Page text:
Data Management

The data were obtained through the online survey tool Nettskjema ( The responses are anonymous, which means that information such as IP addresses were not collected/registered. According to the Norwegian Data Protection Services, we did not collect information that were potentially identifying, or sensitive data about the respondents, hence no approval for the study was needed. All data are held within the scientific group. Data sharing may be possible on request.


Data were analyzed by IBM SPSS Statistics version 26. All data were visually inspected for normality, and continuous data are presented as mean (SD) or median (range) as appropriate, while categorical data are presented as percentage. Differences between gender were analyzed by students' t-test or Mann Whitney U-test as appropriate for continuous data, and with Pearson's chi-square test for categorical data. A significance level of 0.05 was considered sufficient to discover any differences.



Half of the respondents reported general education from university/college on graduate or post-graduate level (Table 1), and 13% of the respondents had higher education with authorization as health personnel. A higher proportion of male vs. female respondents had a university degree in exercise science (Table 1). Nearly half of the respondents reported other paid work besides the work as a PT, with 14% working in health services and 10% in the teaching/educational sector. Of the 79 respondents with employment contracts as PT, 89% reported layoffs during the Covid-19 lockdown period. Of these, 49% reported resuming of the work as PT before reopening of the fitness centers at June 15th 2020.


Table 1. Descriptive data presented for male, female and total respondents.

Operational Activity

Mean (SD) number of sessions per week before Covid-19 lockdown was 18.8 (14.1), with range from 2 to 100 sessions per week. Males had higher mean number of sessions per week prior to Covid-19 lockdown compared to females (Figure 1). During Covid-19 lockdown, number of sessions per week was reduced to 2.9 (5.3) with range from 0 to 40.


Figure 1. Number of personal training sessions per week before and during Covid-19 lockdown. ***difference between before and during (p < 0.001), and between males and females (p < 0.001).

Several of the respondents reported initiation of online and/or outdoor sessions for their clients during the Covid-19 lockdown, and online training was offered by three times as many PTs during Covid-19 lockdown compared to before the Covid-19 lockdown (Figure 2). A higher number of male respondents (58%) compared to female respondents (41%, t = 3.68, p = 0.03) reported use of online coaching during Covid-19. From the 31 commentaries about the new products, we learned that some moved the exercise outdoors keeping social distance. Others did online live-streams or established a Facebook group. However, most commentaries showed that these activities generated little income or led to expenses, as they often were free to clients and some of the online services such as MyPTHub meant extra costs to the PTs. The commentaries also showed that few clients wanted this service.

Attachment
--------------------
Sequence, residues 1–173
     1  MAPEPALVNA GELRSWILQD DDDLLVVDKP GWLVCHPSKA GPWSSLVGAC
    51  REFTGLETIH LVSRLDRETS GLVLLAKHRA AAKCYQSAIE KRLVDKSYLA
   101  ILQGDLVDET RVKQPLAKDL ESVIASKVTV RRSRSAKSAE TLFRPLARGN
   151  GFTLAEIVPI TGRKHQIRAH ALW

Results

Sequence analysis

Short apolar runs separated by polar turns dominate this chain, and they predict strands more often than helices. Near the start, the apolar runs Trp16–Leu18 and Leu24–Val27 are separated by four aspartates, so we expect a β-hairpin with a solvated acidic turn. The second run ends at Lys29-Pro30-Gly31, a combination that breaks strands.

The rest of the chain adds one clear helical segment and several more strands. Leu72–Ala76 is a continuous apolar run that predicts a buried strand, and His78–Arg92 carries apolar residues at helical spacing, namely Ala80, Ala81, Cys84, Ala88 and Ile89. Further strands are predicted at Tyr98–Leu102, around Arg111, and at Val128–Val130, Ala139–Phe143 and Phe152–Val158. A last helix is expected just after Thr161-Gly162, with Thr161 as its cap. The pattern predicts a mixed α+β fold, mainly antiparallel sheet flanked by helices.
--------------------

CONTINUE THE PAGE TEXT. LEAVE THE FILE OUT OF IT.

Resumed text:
Figure 2. Personal trainers' provision of online and/or outdoor offers to clients before and during Covid-19 lockdown. ***p < 0.001.

Economic Situation and Governmental Compensation Offer

A total of 87% reported that the Covid-19 lockdown had affected their private economy, and 59% reported that they received financial support from the NAV. We asked the respondents to describe their own experiences with the ad hoc official compensation arrangement by NAV. Of the 150 participants in this study, 66 commented. The responses indicated great variations with NAV to perform homogeneous casework. Some expressed satisfaction with the arrangement. One respondent reported: “This arrangement worked very well. Fast casework, smooth application procedure, and great services.” Others complained about the arrangement and the processing time: “[The arrangement works] … rather bad for me. Long processing time, no one at NAV can answer my questions, many contradictory answers.” However, quite a few found the arrangement ok when it finally was up and running: “It has worked well when finally activated. The solution was simple, and the money arrived fast.” Importantly, economic compensation from NAV did not cover fully the ordinary income of the respondents. Many suffered from economic difficulties, which frustrated some of the respondents: “We only received a symbolic amount of money to cover our overheads.”

Customer Base and Relations With Clients